The Trump administration’s announcement that it will prohibit federal funding to any medical entity that provides or refers women for abortion care — the gag rule — is a straight-up attack on low-income women. And it is an attack on my obligation as a physician to give my patients unbiased advice on their health care options.
The gag rule, which the Department of Health and Human Services is now collecting public comment on, is little more than an extension of the Hyde amendment. The Hyde amendment bars Medicaid coverage for low-income women seeking abortion care.
Its author, Henry Hyde, said in 1977, "I certainly would like to prevent, if I could legally, anybody having an abortion, a rich woman, a middle-class woman, or a poor woman. Unfortunately, the only vehicle available is the…Medicaid bill."
So, it’s all about punishing the poor women — the women who can least afford another child. Meanwhile, the government cuts back on social services including healthcare, childcare, education — all the financial help to encourage stable, thriving families.
Withholding information from patients who seek care at clinics and facilities that receive Medicaid or Title X funding creates a two-tiered system that prohibits poor women from receiving the same legally-required and medical-ethics driven concepts available to women of means: patient-centered, non-directional, options counseling and informed consent.
Prohibiting full disclosure of women's health-care options in publicly funded clinics would force clinicians to provide substandard care and treat patients differently based on their geography and finances.
As a physician, my obligation is to providing the information a person needs, to make an autonomous decision based on what is known, without withholding information, giving misinformation, or creating bias. That includes medically-accurate information on carrying a pregnancy to term, or terminating the pregnancy if the patient chooses.
Isn’t that what we all want? We want our health professionals to help us make decisions, not tell us what to do. So why is the Trump Administration telling low-income women what to do by withholding information?
The impact will inevitably be punishing poor women and their families, pushing them farther to the economic margins. A study published in the American Journal of Public Health in January 2018, as Reuters reports, found “Women who want an abortion but are denied one are more likely to spend years living in poverty than women who have abortions...Carrying an unwanted pregnancy to term quadrupled the odds that a new mother and her child would live below the federal poverty line.”
The 2012 turn away study from Advancing New Standards in Public Health found that not only were women denied an abortion more likely to be living in poverty, “women who were turned away were more than twice as likely to be a victim of domestic violence as those who were able to abort.”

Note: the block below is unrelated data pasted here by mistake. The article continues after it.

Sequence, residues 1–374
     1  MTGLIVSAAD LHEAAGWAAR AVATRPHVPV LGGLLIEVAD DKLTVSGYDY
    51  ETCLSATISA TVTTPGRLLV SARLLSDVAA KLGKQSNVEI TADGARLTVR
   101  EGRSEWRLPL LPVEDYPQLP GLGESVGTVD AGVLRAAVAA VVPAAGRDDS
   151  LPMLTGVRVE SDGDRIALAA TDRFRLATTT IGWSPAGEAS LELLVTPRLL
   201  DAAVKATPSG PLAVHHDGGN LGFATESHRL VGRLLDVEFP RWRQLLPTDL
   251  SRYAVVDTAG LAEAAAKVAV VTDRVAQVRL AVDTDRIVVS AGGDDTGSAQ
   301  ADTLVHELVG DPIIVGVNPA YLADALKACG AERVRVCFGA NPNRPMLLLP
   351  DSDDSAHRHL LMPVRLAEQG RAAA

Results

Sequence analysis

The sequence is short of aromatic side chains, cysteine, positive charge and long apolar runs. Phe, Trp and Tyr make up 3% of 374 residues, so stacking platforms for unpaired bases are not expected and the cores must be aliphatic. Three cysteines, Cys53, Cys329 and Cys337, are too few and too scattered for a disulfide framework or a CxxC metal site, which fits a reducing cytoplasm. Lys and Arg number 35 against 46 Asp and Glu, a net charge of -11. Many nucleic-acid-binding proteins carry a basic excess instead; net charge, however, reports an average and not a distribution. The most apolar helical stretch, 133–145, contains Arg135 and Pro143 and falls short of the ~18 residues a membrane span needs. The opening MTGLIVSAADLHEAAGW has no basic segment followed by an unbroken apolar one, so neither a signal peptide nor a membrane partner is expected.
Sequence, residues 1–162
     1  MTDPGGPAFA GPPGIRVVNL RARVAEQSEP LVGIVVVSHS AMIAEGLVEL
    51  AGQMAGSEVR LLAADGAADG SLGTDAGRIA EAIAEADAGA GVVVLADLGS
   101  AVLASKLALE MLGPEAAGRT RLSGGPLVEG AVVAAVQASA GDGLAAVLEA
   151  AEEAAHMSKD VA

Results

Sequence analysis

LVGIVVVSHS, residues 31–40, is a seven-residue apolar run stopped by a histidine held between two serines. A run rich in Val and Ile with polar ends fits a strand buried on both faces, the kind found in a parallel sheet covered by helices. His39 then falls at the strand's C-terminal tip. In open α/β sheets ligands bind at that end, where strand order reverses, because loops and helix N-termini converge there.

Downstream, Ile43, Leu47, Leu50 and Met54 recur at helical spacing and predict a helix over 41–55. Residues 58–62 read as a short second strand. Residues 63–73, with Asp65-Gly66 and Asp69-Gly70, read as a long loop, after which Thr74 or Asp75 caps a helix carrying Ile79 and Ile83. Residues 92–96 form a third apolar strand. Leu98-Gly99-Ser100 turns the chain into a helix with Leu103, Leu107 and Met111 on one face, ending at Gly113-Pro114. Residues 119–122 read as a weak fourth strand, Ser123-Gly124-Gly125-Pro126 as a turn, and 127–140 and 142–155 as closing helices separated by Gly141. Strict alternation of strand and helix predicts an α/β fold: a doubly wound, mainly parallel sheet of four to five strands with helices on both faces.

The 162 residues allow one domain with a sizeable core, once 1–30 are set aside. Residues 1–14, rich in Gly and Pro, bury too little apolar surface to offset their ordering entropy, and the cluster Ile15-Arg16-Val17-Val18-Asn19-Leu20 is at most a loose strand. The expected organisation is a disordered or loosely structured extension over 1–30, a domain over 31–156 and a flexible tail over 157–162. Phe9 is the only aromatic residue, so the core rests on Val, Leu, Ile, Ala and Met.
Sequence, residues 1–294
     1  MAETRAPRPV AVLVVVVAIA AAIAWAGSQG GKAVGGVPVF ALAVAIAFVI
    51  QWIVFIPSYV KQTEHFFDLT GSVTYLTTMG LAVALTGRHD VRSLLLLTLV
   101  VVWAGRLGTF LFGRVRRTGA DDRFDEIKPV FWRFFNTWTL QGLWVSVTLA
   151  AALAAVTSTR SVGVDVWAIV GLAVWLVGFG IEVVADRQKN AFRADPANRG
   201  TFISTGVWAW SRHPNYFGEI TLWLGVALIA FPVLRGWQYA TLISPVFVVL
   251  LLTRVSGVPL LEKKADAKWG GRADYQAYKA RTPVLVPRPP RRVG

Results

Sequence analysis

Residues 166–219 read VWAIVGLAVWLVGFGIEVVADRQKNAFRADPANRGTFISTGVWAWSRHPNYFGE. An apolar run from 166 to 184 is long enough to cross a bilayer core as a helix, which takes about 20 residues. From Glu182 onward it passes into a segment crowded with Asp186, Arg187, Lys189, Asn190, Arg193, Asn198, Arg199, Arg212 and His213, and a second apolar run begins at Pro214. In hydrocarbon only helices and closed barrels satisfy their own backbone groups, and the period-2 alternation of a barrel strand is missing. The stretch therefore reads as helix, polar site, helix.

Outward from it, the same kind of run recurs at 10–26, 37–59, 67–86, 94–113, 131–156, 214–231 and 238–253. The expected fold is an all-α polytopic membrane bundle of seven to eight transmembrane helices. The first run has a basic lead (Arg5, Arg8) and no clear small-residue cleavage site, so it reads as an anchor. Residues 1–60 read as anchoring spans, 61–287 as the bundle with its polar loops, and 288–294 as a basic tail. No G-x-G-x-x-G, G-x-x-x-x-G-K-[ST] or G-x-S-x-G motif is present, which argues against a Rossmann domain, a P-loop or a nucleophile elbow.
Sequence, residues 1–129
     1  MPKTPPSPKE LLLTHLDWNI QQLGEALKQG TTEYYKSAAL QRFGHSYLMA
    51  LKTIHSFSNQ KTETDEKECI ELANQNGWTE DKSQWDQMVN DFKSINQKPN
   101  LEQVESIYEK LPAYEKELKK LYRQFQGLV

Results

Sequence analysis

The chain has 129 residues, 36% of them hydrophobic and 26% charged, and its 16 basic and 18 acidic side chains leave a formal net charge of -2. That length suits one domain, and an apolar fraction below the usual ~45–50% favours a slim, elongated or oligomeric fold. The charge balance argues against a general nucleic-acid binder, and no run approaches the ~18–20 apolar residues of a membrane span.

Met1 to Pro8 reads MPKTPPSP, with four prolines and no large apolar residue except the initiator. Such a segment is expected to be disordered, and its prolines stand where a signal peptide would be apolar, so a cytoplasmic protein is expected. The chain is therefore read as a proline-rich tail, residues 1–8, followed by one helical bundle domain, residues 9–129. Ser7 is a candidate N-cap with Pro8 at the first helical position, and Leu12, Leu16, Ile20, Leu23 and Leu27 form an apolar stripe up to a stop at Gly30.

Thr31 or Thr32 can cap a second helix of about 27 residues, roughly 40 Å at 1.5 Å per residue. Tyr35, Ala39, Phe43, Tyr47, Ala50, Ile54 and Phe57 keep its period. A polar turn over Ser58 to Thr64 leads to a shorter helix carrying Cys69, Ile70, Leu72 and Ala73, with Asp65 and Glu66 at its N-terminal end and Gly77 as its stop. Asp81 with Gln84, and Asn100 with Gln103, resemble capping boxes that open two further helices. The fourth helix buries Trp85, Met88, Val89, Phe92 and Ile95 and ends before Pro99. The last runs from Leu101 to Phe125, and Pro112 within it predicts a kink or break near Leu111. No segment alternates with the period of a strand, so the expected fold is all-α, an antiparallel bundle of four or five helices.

There’s also a substantial health risk in forcing women to carry a pregnancy to term. Overall, any woman is about 14 times more likely to die in childbirth than from an abortion. And the risk of childbirth-related death skyrockets if she is African-American. Abortion is medical care. Where abortion is legal maternal mortality plummets and families are healthier.
One in five pregnancies ends by induced abortion in the United States. One in four American women will have an abortion. The typical patient is in her early to mid twenties, with one or more children, and about 70 percent are poor or near-poor. More white women have abortions than any other racial or ethnic group; the distribution of religious affiliation reflects America today, including a growing number who are not religiously-affiliated.
Women who seek abortion are not a marginal group of careless teens, selfish career women, or uneducated poor women. They reflect all American women. The alternative to abortion is forced childbirth — and a violation of a Constitutional right established in Roe v Wade.
The Trump administration’s gag rule rule is about controlling and punishing women — for being women. As a woman, as a physician who follows a code of patient-centered ethics, and as an abortion provider, it is an affront to all of us.
Sara Imershein M.D. MPH was a generalist OBGYN in Washington D.C. for more than 30 years. She works at two local women’s health clinics, teaches OBGYN residents, medical and public health students and fights for women’s health and access. She is the vice chair of the D.C. section for the American College of Obstetricians & Gynecologists, Associate Clinical Professor of OBGYN at The George Washington University School of Medicine and serves on the Board of NARAL ProChoice America Foundation.